China is putting some big numbers on the economic scoreboard. Though President Xi Jinping set a goal of 6% growth this year, many, including the International Monetary Fund, think 8% is more like it.
Yet even as China teases a “V-shaped” recovery, these aren’t the figures that matter most. Those are: 1.3 trillion and 18 trillion. The first is how much, in U.S. dollar terms, Chinese corporate debt is due over the next 12 months. The second is the size, also in dollar terms, of a mainland government bond market hanging in the balance.
All this might matter less if not for the ill-timed default drama over at state-owned China Huarong Asset Management Co., whose travails are stress testing the second-biggest economy. This Beijing-based institution seems as good a microcosm of China’s last 20 years as you’ll find.
It was one of four asset management giants established in 1999 as part of the government’s response to the Asian financial crisis two years earlier. Huarong’s focus was on distressed debt. It’s function, really, was as a stable repository for billions worth of dodgy loans made to state companies. A “bad bank,” if you will. It was supposed to act as a guardrail against a financial crisis, not cause one.
And yet, Huarong is now at the center of concerns about whether China Inc. can meet its domestic debt obligations this year. This year alone, Huarong must repay—or find ways to refinance—some $6.2 billion of debt. This tension is emblematic of the epic balancing act Xi faces in 2021: making good on deleveraging pledges—which means allowing more defaults—while also proving to global investors that China’s giant bond market is a safe place to invest.
On the one hand, leaving Huarong and its nearly $42 billion to the “market forces” Xi promised would guide his reform efforts. On the other, the chaos that would surely ensue could turn the biggest bond funds away from Chinese debt.
Fears of the latter happening explain why markets appear to be betting on a government solution to Huarong’s woes. Chairman Wang Zhanfeng can indeed argue that the buildup happened before his time—under Lai Xiaomin, who was executed in January as part of anti-corruption efforts.
Doing so, though, would fuel the very “moral hazard” the Xi era pledged since 2012 to eradicate. This makes Huarong the ultimate test case of Xiconomics. It’s also an ill-timed dilemma for Xi, as well as Finance Minister Liu Kin and People’s Bank of China Governor Yi Gang.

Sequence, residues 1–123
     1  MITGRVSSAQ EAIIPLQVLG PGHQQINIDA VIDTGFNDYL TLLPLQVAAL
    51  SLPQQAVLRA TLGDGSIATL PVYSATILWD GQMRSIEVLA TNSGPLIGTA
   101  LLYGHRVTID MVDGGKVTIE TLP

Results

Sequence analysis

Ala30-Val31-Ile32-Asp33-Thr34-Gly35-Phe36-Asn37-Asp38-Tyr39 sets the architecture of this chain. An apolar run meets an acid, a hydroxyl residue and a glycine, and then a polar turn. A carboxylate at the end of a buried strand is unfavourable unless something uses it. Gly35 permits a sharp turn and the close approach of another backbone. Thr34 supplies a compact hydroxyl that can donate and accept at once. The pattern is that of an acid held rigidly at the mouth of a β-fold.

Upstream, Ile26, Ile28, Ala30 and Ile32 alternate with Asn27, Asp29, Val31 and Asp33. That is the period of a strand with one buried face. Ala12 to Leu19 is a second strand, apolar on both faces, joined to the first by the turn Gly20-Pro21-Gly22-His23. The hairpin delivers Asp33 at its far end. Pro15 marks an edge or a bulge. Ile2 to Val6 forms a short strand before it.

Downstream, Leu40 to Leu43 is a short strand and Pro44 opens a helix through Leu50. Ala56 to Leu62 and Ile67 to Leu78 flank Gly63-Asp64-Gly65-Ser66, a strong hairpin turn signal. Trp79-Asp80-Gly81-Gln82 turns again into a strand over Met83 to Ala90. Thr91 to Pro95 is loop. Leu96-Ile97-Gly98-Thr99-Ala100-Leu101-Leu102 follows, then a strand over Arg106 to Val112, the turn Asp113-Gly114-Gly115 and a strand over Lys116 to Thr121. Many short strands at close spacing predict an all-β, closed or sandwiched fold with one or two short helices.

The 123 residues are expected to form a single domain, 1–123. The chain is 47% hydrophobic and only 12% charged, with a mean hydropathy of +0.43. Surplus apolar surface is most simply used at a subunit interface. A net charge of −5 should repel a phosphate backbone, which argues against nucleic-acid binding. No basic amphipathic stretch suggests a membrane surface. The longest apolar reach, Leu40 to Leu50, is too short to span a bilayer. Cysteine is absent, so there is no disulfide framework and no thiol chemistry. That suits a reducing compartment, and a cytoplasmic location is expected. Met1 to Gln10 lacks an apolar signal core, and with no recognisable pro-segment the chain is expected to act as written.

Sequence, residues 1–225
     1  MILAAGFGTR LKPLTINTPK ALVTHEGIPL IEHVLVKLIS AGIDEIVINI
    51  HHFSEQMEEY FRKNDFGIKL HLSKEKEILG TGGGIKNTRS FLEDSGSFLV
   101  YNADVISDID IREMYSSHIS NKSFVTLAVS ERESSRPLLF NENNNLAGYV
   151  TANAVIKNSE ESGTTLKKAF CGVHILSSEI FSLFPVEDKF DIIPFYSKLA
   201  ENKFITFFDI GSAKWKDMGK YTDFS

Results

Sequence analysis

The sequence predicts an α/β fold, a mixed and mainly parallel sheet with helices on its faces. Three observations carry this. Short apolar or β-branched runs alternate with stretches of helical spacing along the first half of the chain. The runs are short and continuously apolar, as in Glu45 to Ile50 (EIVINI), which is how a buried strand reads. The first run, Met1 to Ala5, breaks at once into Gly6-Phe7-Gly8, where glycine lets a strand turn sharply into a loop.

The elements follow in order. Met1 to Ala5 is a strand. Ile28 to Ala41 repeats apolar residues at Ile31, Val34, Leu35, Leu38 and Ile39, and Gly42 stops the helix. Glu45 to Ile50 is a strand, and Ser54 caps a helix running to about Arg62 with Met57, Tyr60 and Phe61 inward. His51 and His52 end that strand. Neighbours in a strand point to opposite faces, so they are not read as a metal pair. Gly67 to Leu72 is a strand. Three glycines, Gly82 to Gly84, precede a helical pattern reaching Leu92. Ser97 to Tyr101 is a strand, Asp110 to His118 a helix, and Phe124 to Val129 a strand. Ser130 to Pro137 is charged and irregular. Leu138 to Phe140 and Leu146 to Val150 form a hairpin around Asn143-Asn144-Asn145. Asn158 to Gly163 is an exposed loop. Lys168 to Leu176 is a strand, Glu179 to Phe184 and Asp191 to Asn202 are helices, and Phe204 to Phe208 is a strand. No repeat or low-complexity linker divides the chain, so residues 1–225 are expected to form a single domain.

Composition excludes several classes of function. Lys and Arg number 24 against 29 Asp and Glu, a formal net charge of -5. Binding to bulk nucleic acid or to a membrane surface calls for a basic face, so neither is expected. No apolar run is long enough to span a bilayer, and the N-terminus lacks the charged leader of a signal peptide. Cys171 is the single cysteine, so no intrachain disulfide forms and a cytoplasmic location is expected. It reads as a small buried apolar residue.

The amount of domestic corporate debt payments due this year is nearly a third more than in the U.S. and more than 60% above that in all of Europe. It’s enough to buy Alibaba Group twice over. And all these due dates come amid unprecedented wave of defaults by onshore debt issuers.
These underlying cracks in China’s financial system complicate is post-Covid-19 recovery.
China is still leading the globe out of the pandemic, and boosting exports for Japan, South Korea, Singapore elsewhere in Asia. It’s not all it seems, though, as analysts raise alarm bells about bubbles. Home prices, for example, are racing higher. Surging raw materials prices, meantime, are fueling fears of hoarding and runaway inflation.
Excessive debt, though, is the perennial concern. China tends to get away with moments of default chatter for a couple of reasons. One, investors who’ve bet on mainland debt reckonings don’t tend to do very well. Beijing has a knack for pulling off narrow escapes from crashes.
Two, China has the financial resources to save the day. The PBOC hasn’t gone the quantitative easing route, leaving considerable monetary latitude to pump into markets at times of turmoil. Here, think summer 2015, when Shanghai stocks plummeted 30% in the space of a few weeks. When markets are tanking, state-control has its benefits.
Yet the message of business as usual that bailing out Huarong would send might turn off foreign investors as much as it turns on risk-takers. If the lesson domestic borrowers learn from Huarong is that it’s safe to increase leverage anew, Chinese reform hopes are doomed.
Another problem: saving Huarong wouldn’t be easy. As Dinny McMahon at Enodo Economics points out, the scale is in some ways unprecedented. Huarong is about 70% bigger than Hengfeng Bank, the biggest financial institution authorities backstopped in recent years.
“Moreover,” he says, “of the $42 billion Huarong has raised in the bond markets, $23.2 billion is from overseas.”
Huarong, it’s worth noting, is 57% owned by China’s Ministry of Finance. With Xi’s reformers looking to change perceptions that state firms are free from the consequences of their overreach. This gets us back to Huarong’s role as a microcosm for market stumbles in 1997, 2008 and in 2020 amid Covid-19 chaos.
Thing is, Huarong’s problems aren’t new. “Rather,” McMahon says, “they’re born from reckless lending and overambitious expansion during the years following the  global financial crisis when China’s financial regulators were unable to keep risk-taking in check. That those problems are coming to a head now could presage a challenging year ahead for regulators.”
Investors, too, as they pile into China’s $18 trillion government debt market. Though concerns surrounding the Huarong mess are more of a corporate debt phenomenon, the poor transparency, weak credit rating system and under-developed market mechanisms contributing to the problem put China’s entire recovery narrative at risk.